A guy named Wallace, no kin to the brothers, brought the six-piece band to Warnock's attention in 1963. Promoted as a duet, the Wallace Brothers were actually a six-man band with cousins John Simon and Ervin Wallace on lead vocals. Other Wallaces, Cooky and Earnest, played in the band. Calling the outfit ragtag is being kind. Simon doubled on a saxophone that was in such bad shape that Warnock had to have it repaired. The drummer supported his drum kit with broomsticks. Ervin played the guitar, and Earnest the organ.
Warnock wrote songs with Billy Bardon in the '40s and '50s for movie cowboy Jimmy Wakely, and never strayed far from the music business. He liked the Wallace Brothers and their potential. Simon in particular had a flair for showmanship, and was handsome and smart. Their members ranged from 14 to 16 years of age and all attended Archer High School in Atlanta. Warnock transported them from Atlanta to his East Point, GA, home for basement rehearsals. "Faith" b/w "I'll Let Nothing Separate Me," written by Earnest, was their first single. The words are biblical but the omission of the Lord's name made them secular. Cleveland's newly founded Royal label launched the Wallace Brothers in 1963. A copy of "Faith" on Royal Records is a nice collector's item.
Now recording artists, the Wallace Brothers stepped up their gigging. Nashville disc jockey John R Richbourg of WLAC played "Faith" on his popular radio program and generated some interest. A deal was struck with Russell Sims, and subsequent copies of "Faith" and the Wallace Brothers' future recordings bore the Sims Records logo. Warnock received percentage points from Sims and co-publishing rights to the Wallace Brothers' songs. With Richbourg touting "Faith," many R&B stations east of the Mason-Dixon line added the single to their rotations.
Their second single, "Precious Words" b/w "You're Mine," released in the spring of 1964, opened more doors. It spent six weeks on the Cash Box black music survey, but never climbed higher than number 31. Claudia Robinson, a blue-eyed soul singer/writer listed as Claud Robinson by B.M.I., wrote the song. Cleveland managed Claudia, who sung in a female group when he met her. He took her to Nashville, but nothing happened for her except the few songs she composed for the Wallace Brothers.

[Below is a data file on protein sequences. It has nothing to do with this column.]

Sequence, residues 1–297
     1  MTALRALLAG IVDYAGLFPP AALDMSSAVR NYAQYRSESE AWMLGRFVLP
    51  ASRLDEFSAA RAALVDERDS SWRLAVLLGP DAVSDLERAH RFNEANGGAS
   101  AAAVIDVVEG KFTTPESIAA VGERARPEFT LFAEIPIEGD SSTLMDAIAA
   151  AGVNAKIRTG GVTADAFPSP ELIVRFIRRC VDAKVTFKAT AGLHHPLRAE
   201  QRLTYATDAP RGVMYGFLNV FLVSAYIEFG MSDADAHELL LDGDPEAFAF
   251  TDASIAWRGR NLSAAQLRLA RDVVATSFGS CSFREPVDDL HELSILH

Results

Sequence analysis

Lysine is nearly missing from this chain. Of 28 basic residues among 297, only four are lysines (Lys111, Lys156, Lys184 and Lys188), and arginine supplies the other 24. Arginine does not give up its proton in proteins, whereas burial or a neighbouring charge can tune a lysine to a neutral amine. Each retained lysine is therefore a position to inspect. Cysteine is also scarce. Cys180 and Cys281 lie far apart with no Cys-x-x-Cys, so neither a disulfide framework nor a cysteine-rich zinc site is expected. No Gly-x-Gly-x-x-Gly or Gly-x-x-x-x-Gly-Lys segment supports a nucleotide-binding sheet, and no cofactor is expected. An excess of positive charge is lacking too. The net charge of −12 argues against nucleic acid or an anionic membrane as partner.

The Wallace Brothers' last gem was their third single, "Lover's Prayer." Released in the fall of 1964, it squeaked into Billboard's Hot 100, stopping at number 97. At the time, Billboard didn't have a black music survey, but the record did make the Cash Box black survey. Written by Earnest and Cooky Wallace, it followed the same format as the previous singles, two-part harmonies sung over a simple rhythm bed, accented by a rolling organ.
While nothing hit with much authority, their crude recordings were added to R&B play lists in the South and the North. Sims released their only LP, Soul, Soul and More Soul, in 1965. Sims took them to Muscle Shoals, AL's famed Fame Studios to cut additional tracks for the album, which included both sides of the first three singles. Sims Records released one more song off the album in 1965, but "One Way Affair" b/w "Go On Girl" sunk without a trace. Two additional singles issued in 1966, "I'll Stay Aside" and "No More," added to the doldrums.
The United Kingdom division of Sue Records issued three Wallace Brothers singles, with the last being "I'll Step Aside," in 1967; Sue also dropped a compilation album of Wallace Brothers tracks called Soul Connection in 1968.
Back in the States, Russell Sims issued the last Wallace Brothers single, "Thanks a Lot," on Sims in 1967. When it bombed, Sims and the band parted ways. They signed with Jewel Records in 1968, releasing three singles that 99.9 percent of the world's population have yet to hear. Simon joined the Naturals, who enjoyed one release on Calla Records, "I Can't Share You"; they faded when Calla's owner, Nate McCalla, was murdered at his home in Florida.
According to Warlock, the Wallace Brothers' biggest problem was their mom, who at one time inked them to six different contracts. Each time she signed them to a production or record company she received money. This led to contractual problems, and hard feelings which contributed to the group's demise. ~ Andrew Hamilton, Rovi